Hippos Cannot Swim

Hippos Cannot Swim


Though hippos move easily through the water, they can't actually swim. These animals glide through the water by pushing themselves off other objects.


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Hippopotamuses (Hippopotamus amphibius) are large, round, water-loving animals that are native to Africa. The word "hippopotamus" comes from the Greek word for "water horse" or "river horse," although hippos and horses aren't closely related. The closest living relatives to hippos are pigs, whales, and dolphins.

Hippos are very loud animals. Their snorts, grumbles, and wheezes have been measured at 115 decibels about the same volume as you'd get when 15 feet (4.6 m) from the speakers at a rock concert. These booming creatures also use subsonic vocalizations to communicate.

Hippos are aggressive and are considered very dangerous. They have large teeth and tusks that they use for fighting off threats, including humans. Sometimes, their young fall victim to adult hippos' tempers. During a fight between two adults, a young hippo caught in the middle can be seriously hurt or even crushed.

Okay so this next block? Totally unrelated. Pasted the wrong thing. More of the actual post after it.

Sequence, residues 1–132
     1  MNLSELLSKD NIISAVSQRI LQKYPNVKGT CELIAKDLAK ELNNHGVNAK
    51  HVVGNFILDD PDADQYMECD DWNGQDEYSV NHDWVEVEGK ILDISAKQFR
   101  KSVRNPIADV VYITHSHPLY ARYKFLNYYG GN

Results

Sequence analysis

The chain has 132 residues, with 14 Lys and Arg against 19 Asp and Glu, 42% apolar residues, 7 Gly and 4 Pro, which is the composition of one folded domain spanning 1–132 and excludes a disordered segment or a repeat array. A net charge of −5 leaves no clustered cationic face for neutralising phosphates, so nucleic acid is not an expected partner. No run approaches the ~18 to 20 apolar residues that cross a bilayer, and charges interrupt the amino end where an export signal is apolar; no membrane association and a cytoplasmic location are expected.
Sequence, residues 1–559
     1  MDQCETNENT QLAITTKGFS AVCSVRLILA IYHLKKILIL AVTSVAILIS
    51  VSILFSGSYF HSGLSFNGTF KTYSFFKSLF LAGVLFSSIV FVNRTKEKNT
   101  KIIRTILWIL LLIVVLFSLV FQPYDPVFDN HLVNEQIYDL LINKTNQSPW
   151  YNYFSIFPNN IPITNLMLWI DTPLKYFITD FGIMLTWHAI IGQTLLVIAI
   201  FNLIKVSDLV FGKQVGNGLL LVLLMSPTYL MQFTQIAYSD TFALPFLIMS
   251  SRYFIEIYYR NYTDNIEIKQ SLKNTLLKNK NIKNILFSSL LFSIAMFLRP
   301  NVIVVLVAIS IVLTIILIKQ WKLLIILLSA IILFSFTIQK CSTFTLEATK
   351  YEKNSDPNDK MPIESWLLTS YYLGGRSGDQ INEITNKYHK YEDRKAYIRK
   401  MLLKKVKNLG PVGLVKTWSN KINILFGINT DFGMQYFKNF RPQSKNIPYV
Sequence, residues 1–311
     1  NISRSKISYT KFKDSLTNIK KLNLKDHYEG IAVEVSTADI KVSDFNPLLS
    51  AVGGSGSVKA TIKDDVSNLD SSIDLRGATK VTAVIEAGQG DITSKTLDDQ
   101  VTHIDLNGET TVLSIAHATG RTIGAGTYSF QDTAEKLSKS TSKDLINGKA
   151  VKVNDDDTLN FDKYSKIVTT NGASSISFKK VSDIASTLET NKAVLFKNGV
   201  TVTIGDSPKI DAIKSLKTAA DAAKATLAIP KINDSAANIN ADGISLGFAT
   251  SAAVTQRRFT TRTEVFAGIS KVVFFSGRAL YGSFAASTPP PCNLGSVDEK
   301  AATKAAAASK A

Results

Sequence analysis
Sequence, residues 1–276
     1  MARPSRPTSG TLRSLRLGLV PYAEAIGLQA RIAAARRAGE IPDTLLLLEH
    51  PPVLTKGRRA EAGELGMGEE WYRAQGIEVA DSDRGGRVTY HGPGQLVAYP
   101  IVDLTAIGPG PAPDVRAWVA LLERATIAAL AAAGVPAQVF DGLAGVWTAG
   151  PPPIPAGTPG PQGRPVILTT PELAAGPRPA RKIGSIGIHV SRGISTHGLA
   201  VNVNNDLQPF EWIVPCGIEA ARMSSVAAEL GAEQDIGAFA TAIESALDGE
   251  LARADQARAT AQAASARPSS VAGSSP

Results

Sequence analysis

Though hippos move easily through the water, they can't actually swim. These animals glide through the water by pushing themselves off other objects. And they can stay underwater for up to 5 minutes without coming up for air, according to National Geographic.


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